Kitchen has been pictured getting cozy with Republican leaders; he attended Dan Forest’s birthday party and has been photographed with Thom Tillis and Tim Moore.

Kitchen represented Alamance sheriff Terry Johnson when Johnson was accused of targeting the Hispanic community through discriminatory checkpoints and ethnic slurs. Kitchen defended Johnson by citing his supposed Cherokee ancestry and said individuals in the case had their own “ax to grind” with the sheriff. He noted that Johnson was “very sensitive” and doesn’t tolerate discrimination, yet the judge in the case noted that jail officers under Johnson’s supervision targeted minorities with ethnic slurs. Kitchen was paid at least $357,360 by Alamance County for representing Johnson.

Kitchen was removed from his position as Durham County Attorney because of a conflict that was triggered by a developer’s lawsuit.The lawsuit alleged that Kitchen “interceded in a matter outside his authority” and got involved in a Jordan Lake dispute at a planning director’s request. 

As the attorney for Durham County, Kitchen was embroiled in multiple issues involving animal control, Durham County Schools, same-sex marriage, and guns.Kitchen was accused of “usurping the animal control board’s power” by increasing the pet licensing fee without board input.” He said Durham County didn’t need anyone’s permission to start charging schools for essential services like water and sewer and dismissed a lawsuit two men filed after their marriage license was rejected. As the Durham County Attorney, Kitchen said the “guns, especially pistols, are designed to shoot and kill people.”

Read more about Kichen here.

 

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North Carolina Candidate Profile: Jefferson Griffin (NC Court of Appeals)

Jefferson Griffin is currently a Wake County District Court Judge seeking election to the NC Court of Appeals for the seat being vacated by Ann Marie Calabria. While he insists he is not campaigning as a Republican judge, his record speaks differently. He was a Pat McCrory pick for a Distric…

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North Carolina Legislator Profile update: Larry Yarborough (R-Person, Granville)

Yarborough simply follows his Republican colleagues lead and votes in line with his party, which has resulted in a lack of public education funding in North Carolina. Yarborough voted for multiple Republican budgets, all of which failed to meaningfully increase teacher pay and left NC nearly…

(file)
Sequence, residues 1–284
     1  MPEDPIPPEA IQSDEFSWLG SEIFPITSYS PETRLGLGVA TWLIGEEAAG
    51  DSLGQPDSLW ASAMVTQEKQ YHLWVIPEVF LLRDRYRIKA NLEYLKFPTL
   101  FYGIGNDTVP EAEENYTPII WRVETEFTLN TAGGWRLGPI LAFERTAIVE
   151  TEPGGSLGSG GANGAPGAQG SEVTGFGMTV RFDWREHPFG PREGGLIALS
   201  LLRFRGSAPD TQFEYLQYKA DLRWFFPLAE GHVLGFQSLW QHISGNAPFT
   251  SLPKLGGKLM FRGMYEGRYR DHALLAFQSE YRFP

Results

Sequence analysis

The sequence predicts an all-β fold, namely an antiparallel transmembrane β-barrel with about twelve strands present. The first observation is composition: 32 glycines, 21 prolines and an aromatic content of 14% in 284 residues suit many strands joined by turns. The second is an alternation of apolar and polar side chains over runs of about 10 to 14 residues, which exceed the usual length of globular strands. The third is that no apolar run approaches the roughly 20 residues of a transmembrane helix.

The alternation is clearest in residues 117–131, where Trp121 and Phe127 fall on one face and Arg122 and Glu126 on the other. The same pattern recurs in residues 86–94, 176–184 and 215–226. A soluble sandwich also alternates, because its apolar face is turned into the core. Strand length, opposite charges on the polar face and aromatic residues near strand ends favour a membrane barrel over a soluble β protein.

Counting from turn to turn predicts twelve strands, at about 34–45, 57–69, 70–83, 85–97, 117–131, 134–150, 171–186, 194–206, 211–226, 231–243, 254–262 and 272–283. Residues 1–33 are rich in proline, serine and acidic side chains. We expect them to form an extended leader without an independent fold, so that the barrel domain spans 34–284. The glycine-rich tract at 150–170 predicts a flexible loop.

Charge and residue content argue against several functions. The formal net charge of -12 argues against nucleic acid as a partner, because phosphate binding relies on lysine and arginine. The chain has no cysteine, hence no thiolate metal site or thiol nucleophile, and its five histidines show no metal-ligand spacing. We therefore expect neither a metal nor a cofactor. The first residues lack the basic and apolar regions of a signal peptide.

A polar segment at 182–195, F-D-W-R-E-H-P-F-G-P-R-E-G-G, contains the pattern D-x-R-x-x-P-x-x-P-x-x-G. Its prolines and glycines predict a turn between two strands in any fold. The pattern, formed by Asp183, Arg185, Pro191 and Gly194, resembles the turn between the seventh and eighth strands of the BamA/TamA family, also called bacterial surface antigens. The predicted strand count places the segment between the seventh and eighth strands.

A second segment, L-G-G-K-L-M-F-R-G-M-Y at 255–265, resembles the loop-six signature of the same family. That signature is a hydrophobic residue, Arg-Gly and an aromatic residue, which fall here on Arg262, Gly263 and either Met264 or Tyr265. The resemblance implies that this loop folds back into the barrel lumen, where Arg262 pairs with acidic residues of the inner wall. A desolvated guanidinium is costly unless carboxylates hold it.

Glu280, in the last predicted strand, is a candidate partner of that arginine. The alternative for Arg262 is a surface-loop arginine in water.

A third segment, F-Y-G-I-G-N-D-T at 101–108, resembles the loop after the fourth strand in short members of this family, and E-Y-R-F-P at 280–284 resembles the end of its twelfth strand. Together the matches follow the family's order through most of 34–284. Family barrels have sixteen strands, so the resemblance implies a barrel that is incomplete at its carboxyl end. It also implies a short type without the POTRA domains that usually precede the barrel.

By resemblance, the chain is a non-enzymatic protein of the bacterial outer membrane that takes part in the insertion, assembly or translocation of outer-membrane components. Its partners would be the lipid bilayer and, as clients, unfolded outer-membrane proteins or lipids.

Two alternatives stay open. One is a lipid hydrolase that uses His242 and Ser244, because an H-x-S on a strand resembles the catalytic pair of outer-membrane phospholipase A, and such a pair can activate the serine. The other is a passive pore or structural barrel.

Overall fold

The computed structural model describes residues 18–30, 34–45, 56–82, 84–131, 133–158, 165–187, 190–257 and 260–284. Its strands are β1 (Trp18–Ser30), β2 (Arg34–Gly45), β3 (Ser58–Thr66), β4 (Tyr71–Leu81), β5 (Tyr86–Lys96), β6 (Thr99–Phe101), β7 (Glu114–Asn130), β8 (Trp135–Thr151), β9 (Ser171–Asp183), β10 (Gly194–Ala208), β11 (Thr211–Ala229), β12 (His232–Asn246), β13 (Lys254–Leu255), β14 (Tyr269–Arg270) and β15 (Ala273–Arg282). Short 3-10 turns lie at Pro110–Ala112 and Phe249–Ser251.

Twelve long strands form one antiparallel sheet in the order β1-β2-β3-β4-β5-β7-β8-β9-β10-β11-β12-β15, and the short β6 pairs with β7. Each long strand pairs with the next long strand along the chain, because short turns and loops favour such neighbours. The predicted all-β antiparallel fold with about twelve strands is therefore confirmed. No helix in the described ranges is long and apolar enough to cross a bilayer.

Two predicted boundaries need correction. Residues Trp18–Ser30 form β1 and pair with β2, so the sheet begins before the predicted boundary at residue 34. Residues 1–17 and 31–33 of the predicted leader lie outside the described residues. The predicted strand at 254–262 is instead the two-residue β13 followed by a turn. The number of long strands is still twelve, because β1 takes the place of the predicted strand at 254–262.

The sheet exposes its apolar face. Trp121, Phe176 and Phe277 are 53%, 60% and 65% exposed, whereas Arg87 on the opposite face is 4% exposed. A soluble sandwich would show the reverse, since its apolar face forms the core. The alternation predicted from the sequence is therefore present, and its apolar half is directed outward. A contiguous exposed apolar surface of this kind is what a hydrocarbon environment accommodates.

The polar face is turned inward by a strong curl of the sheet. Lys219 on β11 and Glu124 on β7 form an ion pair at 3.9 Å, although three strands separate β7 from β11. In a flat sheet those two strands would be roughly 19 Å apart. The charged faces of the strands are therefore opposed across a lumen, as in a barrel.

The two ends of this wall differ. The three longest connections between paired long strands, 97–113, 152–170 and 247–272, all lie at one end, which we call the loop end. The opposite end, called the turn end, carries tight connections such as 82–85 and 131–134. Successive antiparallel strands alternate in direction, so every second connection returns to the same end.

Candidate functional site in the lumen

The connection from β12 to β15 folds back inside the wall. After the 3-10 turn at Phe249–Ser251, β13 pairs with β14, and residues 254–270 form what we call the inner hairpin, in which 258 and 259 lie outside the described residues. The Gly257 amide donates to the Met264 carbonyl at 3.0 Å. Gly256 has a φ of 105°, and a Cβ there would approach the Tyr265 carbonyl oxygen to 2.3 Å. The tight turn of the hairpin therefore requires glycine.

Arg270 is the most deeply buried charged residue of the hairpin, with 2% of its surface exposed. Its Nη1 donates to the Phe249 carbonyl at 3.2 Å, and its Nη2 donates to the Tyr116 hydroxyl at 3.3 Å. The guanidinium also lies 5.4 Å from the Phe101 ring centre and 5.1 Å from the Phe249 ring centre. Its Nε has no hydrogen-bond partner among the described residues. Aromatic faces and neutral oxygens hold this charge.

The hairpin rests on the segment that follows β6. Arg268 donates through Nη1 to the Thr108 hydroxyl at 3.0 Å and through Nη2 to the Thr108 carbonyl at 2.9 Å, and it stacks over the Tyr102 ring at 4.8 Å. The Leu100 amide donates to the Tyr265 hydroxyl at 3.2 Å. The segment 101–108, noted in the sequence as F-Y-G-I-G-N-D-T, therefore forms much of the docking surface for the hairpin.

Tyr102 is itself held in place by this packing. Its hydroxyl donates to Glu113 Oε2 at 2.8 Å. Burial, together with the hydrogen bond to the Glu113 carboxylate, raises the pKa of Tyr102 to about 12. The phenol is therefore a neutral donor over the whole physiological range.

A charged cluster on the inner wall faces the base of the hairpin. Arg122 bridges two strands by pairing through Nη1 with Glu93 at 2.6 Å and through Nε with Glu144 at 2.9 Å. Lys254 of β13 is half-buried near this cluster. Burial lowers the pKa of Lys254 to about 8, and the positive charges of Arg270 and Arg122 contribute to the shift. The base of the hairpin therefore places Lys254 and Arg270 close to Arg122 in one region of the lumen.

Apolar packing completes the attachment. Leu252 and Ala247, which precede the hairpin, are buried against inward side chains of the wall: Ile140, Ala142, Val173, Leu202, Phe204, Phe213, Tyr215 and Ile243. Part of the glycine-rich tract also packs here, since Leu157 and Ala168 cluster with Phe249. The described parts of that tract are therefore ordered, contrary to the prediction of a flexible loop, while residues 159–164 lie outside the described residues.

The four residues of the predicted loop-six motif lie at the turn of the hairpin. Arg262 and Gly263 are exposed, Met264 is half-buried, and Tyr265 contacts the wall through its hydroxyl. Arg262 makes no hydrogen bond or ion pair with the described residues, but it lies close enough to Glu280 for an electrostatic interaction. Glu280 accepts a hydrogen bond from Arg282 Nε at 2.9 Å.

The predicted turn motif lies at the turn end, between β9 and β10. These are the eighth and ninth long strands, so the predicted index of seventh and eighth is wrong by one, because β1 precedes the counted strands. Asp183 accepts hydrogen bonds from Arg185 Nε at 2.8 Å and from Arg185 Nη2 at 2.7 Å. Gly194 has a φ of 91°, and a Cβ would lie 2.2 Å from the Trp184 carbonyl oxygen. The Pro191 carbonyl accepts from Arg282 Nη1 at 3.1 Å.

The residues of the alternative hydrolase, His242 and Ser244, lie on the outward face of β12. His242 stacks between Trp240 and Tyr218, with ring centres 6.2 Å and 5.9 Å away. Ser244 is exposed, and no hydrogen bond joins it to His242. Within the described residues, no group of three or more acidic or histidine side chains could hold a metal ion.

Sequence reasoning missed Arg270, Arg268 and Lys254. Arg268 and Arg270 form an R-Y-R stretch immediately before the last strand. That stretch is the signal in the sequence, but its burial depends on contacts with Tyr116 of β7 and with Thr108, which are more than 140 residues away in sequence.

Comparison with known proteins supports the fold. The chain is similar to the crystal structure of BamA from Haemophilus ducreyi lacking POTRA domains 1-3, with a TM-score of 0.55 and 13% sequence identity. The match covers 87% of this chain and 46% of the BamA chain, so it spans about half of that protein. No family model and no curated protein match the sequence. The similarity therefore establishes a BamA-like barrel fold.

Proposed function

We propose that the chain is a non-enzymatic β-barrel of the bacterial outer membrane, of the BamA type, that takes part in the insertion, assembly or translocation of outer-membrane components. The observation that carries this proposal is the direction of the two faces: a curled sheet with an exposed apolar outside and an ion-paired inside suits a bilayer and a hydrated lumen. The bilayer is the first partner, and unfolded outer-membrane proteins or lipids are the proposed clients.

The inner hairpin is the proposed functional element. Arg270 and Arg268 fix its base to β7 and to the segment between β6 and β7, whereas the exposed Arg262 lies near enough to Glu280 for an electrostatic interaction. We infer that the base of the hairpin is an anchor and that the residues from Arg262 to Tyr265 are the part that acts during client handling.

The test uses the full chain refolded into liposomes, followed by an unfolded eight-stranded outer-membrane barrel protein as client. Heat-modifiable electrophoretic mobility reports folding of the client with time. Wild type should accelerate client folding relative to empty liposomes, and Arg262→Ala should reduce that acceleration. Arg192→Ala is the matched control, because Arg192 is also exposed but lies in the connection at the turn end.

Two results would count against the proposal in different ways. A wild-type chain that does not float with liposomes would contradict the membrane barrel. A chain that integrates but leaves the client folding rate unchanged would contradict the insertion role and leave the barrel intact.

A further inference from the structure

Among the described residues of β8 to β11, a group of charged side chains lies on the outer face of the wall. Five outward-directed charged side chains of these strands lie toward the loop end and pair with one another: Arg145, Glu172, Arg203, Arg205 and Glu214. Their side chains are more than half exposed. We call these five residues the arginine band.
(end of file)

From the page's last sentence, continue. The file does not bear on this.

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North Carolina Candidate Profile: Andrew Heath (NC Court of Appeals)

Former Governor Pat McCrory’s budget director Andrew Heath landed a job as a judge during the final days of McCrory’s administration after the legislature used the December 2016 special session to add several Superior and District Court judge seats, so McCrory could appoint a few judges on his way out of office.

Heath is challenging incumbent judge John Arrowood for his seat on the N.C. Court of Appeals, the state’s second highest court. Arrowood was appointed to his seat in 2017 after Judge Doug McCullough resigned to foil Republicans’ court packing plan. Arrowood also served on the court from 2007 to 2008. Meanwhile, Heath’s primary credentials include three jobs given to him by Former Governor McCrory, creating major questions about his ability to be an independent and fair judge. 

Heath has a record of siding with business over people. He was chair of the Industrial Commission, his first (of three) McCrory appointments, and served on the board of a Koch-funded “workers’ education” nonprofit. Heath’s record on the Commission fundamentally altered its ability to protect North Carolina workers and decide workers’ compensation disputes; he stacked the deck against workers every time. 

Heath’s three most recent jobs were appointments by McCrory, calling into question his independence as a judge. His inexperience showed in his role as McCrory’s budget director. Heath’s budget left teachers behind, saying it showed restraint for not “showering money” on teachers to “gain political points.” He also downplayed the significant economic impacts of discriminatory HB2. 

Heath will be a close ally for Republicans on the court, placing partisanship ahead of the needs of some of the most vulnerable North Carolinians. He turned to Twitter just days after the election he took to Twitter, using questionable math to imply voter fraud should invalidate Roy Cooper’s defeat of McCrory. His willingness to use questionable data to defend his boss and political patron shows who he’ll stand up for on the state’s second highest court. 

Continue reading for more about Judge Andrew Heath, candidate for the NC Court of Appeals.

Source: News & Observer